Invertebrate predators such as ants, spiders, and wasps attack monarch larvae on milkweed plants (Prysby 2004). Only about 5% of monarchs reach the last larval instar. Wasps have been observed feeding on monarch abdomens at a California overwintering site (D. Frey, personal communication), and fire ants have been suggested as a major predator of monarch larvae in Texas (Calvert 1996). Other research suggests that wasp predators may be sensitive to the chemical defenses of monarch larvae, and that wasps fed monarch larvae with high cardenolide concentrations had lower reproductive potential and more deformities in their nests (L.S. Rayor, personal communication) than wasps that preyed upon less toxic caterpillars. In a laboratory experiment, one lacewing larva was observed consuming 40 monarch eggs. Chinese mantids and paper wasps have also been observed preying on immature monarchs.1) A spined soldier bug preying on a monarch larva (photo: Duane Miller); 2) Ants have been known to predate monarchs (UMN Monarch Lab)Adults face less danger of being eaten by predators during the breeding season, but there is a much greater risk of being eaten by bird predators in overwintering locations. Birds such as black-backed orioles and black-headed grosbeaks are common predators at monarch overwintering sites. These species can eat large quantities of monarchs without getting poisoned. This may result from the decay of toxins inside the monarchs’ bodies during the many months of migration and overwintering, or from the specific feeding behavior of the birds. Orioles slit open the monarchs’ abdomens before feeding, avoiding most of the toxin-rich cuticle. Grosbeaks, which eat the entire abdomen, can tolerate higher levels of cardenolides in their digestive tracts. Research has shown that predation by these two bird species accounts for over 60% of the total monarch mortality during overwinter (Calvert et al. 1979). In some colonies, up to 9% of the butterflies are eaten by birds during the winter, and this number can be up to 15% when the forest is disturbed by logging, making it easier for the birds to reach the branches on which monarchs cluster.Predation by birds is one of the most important natural causes of monarch mortality during the winter. Two bird species, black-headed grosbeaks and black-backed orioles, are the main predators. (Photo: Lincoln Brower)
Ophryocystis Elektroscirrha OE) is a single celled organism called a protozoan. A protozoan isn’t a plant or an animal but a single celled organism that shares characteristics of both.The parasite OE only infects milkweed butterflies. Worldwide all Monarch populations are infected with OE, which suggests this parasite evolved with Monarchs. Monarchs east of the Rocky Mountains have the lowest rate of infection, west coast Monarchs a much higher rate and non-migratory populations in tropical areas have the highest rate. This is mainly due to year round availability of milkweed, the Monarch’s host plant and their caterpillars food source.OE needs a live host to live on and survives between infections as spores. The spores are dormant cells among the scales on the Monarch. Most of these spores are found on the butterfly’s abdomen. They are tiny and can only be seen with a microscope. The spores are scattered by infected adult Monarchs and can also be spread by mating and casual contact.The spore is passed from one Monarch generation to another by the caterpillar eating milkweed exposed to infected Monarchs and is also passed from the female to the egg shell while laying the eggs. Dormant spores are spread from the egg laying female onto the egg and the milkweed plant. When the caterpillar breaks out of the egg and eats the shell it ingests the spores, which reproduce in its body. Caterpillars also eat the spores scattered on the milkweed. During digestion the spores open and release the protozoa, which reproduce. Before the butterfly pupates this parasite releases spores that can survive nearly anywhere. When the pupa ecloses the Monarch is covered with spores. The parasite has done its damage and reproduces no more. The cycle perpetuates.Infected chrysalides won’t have uniform color. There may be mottled or spotted. Heavily infected Monarchs may not emerge or if they do they may be deformed or too weak to hold on to their case. Many will not survive. Mildly infected butterflies will be smaller and weaker. They will have a hard time holding on to fluids they need to survive. The males will be less able to compete for mating; the females however will still reproduce normally. Many infected butterflies will show no signs of infection at all.One way to see if your Monarch has OE is to carefully press a clear piece of tape on its abdomen and check under a microscope. The University of Minnesota has a citizen scientist program called the Monarch Larva Monitoring Project, which you can be a part of.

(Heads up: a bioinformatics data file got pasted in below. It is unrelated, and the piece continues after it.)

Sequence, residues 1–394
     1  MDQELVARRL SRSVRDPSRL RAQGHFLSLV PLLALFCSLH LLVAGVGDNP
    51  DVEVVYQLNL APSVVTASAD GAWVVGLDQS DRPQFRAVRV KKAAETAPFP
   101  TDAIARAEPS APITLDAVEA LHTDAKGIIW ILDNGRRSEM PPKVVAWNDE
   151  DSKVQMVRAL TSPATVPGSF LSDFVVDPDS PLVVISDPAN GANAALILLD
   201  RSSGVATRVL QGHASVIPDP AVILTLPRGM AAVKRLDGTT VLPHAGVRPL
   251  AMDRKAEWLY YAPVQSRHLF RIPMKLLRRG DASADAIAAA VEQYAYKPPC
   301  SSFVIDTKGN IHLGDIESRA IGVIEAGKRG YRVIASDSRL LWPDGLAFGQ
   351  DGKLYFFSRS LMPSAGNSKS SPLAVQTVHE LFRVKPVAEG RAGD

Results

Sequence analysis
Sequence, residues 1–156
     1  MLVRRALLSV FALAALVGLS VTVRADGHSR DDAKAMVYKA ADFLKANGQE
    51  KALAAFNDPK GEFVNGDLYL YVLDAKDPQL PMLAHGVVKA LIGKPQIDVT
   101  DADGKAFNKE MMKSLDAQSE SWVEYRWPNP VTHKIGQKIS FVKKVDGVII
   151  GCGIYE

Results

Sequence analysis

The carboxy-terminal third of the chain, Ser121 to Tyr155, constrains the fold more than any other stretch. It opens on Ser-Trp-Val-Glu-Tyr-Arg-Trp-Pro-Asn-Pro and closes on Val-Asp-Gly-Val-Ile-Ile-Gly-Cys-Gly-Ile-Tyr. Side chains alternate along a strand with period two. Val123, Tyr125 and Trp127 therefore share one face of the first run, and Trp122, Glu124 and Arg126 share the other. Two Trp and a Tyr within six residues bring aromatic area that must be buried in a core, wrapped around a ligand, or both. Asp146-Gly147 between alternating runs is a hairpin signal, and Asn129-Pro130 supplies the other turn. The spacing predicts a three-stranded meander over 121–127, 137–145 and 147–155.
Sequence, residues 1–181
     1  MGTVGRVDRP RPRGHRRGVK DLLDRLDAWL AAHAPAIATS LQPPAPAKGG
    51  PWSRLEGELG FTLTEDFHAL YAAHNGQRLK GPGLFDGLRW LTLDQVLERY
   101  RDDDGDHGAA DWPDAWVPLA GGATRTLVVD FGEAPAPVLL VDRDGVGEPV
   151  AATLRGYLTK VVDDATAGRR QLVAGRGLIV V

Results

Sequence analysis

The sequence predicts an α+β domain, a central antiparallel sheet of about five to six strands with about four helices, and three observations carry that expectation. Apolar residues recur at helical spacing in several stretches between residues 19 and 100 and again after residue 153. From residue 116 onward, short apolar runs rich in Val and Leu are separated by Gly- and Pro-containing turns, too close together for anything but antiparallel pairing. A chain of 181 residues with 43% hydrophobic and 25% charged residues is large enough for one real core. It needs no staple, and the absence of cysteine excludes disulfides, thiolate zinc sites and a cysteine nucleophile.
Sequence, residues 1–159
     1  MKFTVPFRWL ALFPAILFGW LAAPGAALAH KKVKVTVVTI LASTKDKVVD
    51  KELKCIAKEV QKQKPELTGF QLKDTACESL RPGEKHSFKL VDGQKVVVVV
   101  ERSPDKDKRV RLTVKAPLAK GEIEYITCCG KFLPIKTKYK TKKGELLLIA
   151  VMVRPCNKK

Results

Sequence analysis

The worst caterpillar parasitoid is the Tachinid fly. These flies in the family Tachinidae parasitize many arthropods. A particular Tachinid fly, Lesperia archippivora, is a major parasitoid of many Lepidoptera.Tachinids parasitize butterflies by laying eggs on the caterpillar larva. After the eggs hatch the tachinid larva bores into the butterfly larva and completes its development inside the new host. During the Monarchs late instar or pupa stage the fly maggot will drop out on tendrils looking like white strings. Then the fly larva will pupate and complete metamorphosis within 2 weeks.The tachinid pupa is reddish brown, elongated ovoid around 3/8” long. There can be as many as 8 tachinid maggots parasitizing each caterpillar.The visual signs of Tachinid parasitization are many. The silky white strings show the maggot has left the caterpillar or pupa. Infested pupa will be discolored with brown, black or rust spots or you may see small holes in it. The pupa may be lighter in color, shriveled or the rings at the top may turn black.The Tachinid fly itself looks pretty much like a housefly except it has red eyes and a hairy back. T